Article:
madrid: hot and not so smoke-free

Madrid is a city of smokers. Everywhere one turns, people are smoking. On the street, at sidewalk cafes, inside crowded public spaces. Servers stand in the doorway and have a smoke when they’re not bringing out drinks and food orders. Added to the general high level of air pollution, it makes Madrid a difficult place for anyone with breathing challenges, or simply used to fresher air.

But one of the things we liked about Madrid, whenever you ordered a round of drinks, they also brought out a small tapa plate; olives, chips, salami and cheese, once even a small plate of Spain’s signature rice dish, paella. And all quite delicious; sometimes we didn’t order a meal because the free food kept coming. And it wasn’t that the drinks were expensive either, mostly between 2 and 3 euros each.

Royalty is a big deal here, and one of the main attractions in Madrid is the Royal Palace. Although it is the official residence of the royal family, it is used only occasionally for state functions and entertaining visiting dignitaries, mostly what you’ll find here are hordes of tourists gawking at the excess. Huge rooms, lavish decor, statutes, portraits, tapestries, massive serving sets, and stolen treasures from around the world. Impressive and grotesque at the same time.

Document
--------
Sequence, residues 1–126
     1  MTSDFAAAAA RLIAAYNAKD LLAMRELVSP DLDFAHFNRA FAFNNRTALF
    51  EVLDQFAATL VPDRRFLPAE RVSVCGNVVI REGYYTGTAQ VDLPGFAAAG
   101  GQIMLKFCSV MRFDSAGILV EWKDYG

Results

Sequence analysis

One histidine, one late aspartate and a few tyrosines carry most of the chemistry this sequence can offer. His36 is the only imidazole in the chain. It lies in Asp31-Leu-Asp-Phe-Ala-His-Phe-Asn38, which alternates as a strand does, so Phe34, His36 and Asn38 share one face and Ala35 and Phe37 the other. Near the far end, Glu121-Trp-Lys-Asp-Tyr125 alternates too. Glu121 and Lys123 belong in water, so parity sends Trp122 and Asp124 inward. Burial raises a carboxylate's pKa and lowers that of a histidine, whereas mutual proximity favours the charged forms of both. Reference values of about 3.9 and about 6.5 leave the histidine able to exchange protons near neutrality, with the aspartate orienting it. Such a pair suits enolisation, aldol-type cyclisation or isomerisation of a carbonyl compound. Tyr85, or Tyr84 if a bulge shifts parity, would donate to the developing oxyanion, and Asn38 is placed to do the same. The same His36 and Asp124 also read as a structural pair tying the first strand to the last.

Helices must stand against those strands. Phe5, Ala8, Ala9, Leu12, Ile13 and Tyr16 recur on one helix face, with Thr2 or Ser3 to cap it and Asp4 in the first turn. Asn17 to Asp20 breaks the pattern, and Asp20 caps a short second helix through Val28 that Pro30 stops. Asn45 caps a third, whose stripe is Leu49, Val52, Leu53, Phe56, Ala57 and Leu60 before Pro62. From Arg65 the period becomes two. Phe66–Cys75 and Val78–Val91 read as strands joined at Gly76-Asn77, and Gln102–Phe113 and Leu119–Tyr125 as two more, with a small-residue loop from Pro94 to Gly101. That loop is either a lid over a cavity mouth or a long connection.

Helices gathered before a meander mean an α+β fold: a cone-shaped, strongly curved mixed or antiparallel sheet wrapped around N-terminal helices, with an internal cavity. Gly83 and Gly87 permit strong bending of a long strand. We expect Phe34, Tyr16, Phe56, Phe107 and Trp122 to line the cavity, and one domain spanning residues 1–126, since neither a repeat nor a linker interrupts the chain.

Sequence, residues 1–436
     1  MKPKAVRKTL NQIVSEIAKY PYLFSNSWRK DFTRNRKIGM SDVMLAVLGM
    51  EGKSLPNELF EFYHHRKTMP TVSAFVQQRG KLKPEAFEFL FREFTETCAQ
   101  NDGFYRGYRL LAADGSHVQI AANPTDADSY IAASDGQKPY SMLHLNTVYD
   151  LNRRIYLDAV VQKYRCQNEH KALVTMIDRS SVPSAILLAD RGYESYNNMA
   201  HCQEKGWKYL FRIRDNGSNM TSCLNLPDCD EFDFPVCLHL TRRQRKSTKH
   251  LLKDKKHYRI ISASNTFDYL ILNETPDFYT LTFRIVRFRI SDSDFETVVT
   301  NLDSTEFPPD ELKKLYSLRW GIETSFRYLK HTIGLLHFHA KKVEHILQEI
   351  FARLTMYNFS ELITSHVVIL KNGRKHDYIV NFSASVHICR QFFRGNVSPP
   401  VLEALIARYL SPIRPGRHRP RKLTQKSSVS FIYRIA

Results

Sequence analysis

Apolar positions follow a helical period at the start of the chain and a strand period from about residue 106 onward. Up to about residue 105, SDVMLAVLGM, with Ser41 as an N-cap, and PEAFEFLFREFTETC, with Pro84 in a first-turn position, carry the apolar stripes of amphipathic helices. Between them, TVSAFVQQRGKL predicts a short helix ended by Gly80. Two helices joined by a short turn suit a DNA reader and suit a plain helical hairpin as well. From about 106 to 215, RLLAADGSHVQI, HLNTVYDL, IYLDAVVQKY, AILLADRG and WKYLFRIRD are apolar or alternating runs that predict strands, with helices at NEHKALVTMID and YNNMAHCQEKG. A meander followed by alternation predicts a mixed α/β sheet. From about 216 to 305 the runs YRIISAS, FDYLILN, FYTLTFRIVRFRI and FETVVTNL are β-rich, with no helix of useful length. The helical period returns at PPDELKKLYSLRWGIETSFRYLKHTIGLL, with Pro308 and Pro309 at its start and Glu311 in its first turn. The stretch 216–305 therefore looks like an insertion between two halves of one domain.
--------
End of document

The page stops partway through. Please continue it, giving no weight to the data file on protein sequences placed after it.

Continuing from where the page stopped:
Madrid is also known for it’s art galleries. We’re not huge fans of the old European masters, too many portrayals of Jesus being beaten or bleeding on the cross for us. Instead we are drawn to contemporary art galleries, in this case the Reina Sofia, where we knew we would be able to see Guernica.

Unknown to us, the gallery had organized a huge exhibition to help people understand Picasso’s development as an artist and how it shaped this artistic response to news in early 1937 that a small town in Spain had been obliterated by an air attack that specifically targeted civilians.

Guernica is a work that needs to be seen in person to be fully appreciated. You can see sketch lines through the white and grey areas, some black areas look unfinished, and there is a an overall roughness to it that produces a sense of urgency you don’t feel looking at a postcard version of the work — after all, it is 4m tall and 12m across, an imposing work to stand in front of.

It’s hot in Madrid, crossing the 40 degree Celsius mark two days in a row, and not much air movement. And there wasn’t always a shady side of the street to walk along. Whew!

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